Partnerships and Expansion

Down Syndrome Indiana has decided to start with what we know best, which is individuals with Down syndrome, and then expand into the larger world of additional Intellectual and Developmental Disabilities, a broader geographic reach and, also to individuals with Alzheimer’s disease.

Down Syndrome Indiana will reach out to the following organizations: The Arc of Indiana, the Bureau of Developmental Disabilities Services (BDDS), the Sunshine Society, the Joseph Maley Foundation, the Center for Youth and Adults with Conditions of Childhood (CYACC), the Indiana Statewide Independent Living Council (INSILC), CICOA, the Central Indiana Regional Transportation Authority (CIRTA), The Alzheimer’s Association and GiGi’s Playhouse Indianapolis. Hopefully, we will also learn about and meet new partners along the way.

Describe who will use your solution (1,000 characters)

The life expectancy for people with Down syndrome has increased dramatically - from 9 years old in 1959, to 25 years old in 1983 to 60 years old today. We are now witnessing the first generation of individuals with Down syndrome who are outliving their parents. This means an increased need for supports, like transportation options, that will allow individuals with Down syndrome to live healthy, independent lives. Research indicates that social support is exceptionally important to maintaining good physical and psychological health. Yet, there are very few individuals with Down syndrome who have the ability to obtain a driver’s license. Therefore, an individual with Down syndrome will rely on someone else for transportation for their entire life. Adequate, accessible transportation is essential to fully address social and economic disparities that exist among individuals with a disability. The ability to access one’s community is an incredibly important component of one’s health.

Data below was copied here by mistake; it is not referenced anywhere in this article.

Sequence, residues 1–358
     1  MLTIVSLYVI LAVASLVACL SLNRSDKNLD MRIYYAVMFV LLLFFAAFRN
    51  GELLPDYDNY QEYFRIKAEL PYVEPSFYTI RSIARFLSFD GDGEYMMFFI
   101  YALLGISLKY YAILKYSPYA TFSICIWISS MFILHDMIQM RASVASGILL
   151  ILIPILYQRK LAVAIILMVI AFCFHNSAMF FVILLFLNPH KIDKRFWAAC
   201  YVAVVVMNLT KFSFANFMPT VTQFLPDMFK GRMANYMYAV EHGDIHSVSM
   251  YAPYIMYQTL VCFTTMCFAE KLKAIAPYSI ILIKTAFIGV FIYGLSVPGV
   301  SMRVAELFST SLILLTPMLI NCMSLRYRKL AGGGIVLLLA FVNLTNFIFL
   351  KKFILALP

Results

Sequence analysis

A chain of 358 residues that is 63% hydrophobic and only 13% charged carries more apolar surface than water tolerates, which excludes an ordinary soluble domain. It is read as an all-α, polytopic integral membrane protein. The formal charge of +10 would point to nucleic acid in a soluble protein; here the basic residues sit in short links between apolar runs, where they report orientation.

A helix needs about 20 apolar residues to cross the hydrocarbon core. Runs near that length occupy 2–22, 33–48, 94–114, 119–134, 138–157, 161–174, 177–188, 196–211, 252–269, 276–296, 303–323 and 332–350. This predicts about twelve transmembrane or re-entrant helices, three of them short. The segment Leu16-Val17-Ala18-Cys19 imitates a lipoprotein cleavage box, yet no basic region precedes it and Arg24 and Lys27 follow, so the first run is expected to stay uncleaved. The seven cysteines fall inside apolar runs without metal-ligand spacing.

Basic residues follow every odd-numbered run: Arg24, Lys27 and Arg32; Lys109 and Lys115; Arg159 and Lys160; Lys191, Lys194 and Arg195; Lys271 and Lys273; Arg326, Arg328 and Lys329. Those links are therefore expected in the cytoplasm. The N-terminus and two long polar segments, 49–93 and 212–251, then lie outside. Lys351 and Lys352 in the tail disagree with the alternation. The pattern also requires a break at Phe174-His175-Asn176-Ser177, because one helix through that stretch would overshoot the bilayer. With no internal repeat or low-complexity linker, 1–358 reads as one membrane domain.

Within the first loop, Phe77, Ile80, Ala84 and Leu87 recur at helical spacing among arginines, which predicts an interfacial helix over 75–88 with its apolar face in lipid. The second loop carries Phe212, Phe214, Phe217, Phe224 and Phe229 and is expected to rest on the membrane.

Describe your solution's stage of development

  • Initial Design - you are still exploring the idea and have not tested it with users

Insights from previous testing (500 characters)

This program is based on the already successful, Fare-Cle, which was founded in Cleveland, Ohio by Debbie Picker. Debbie has agreed to consult with Down Syndrome Indiana, in order to, develop a similar program in Indianapolis. Down Syndrome Indiana is looking to partner with other like-minded organizations in the future after the pilot is successfully completed. Down Syndrome Indiana has learned to begin small and to learn from experts in the field who are already doing what we want to do.

Tell us about your team or organization (500 characters)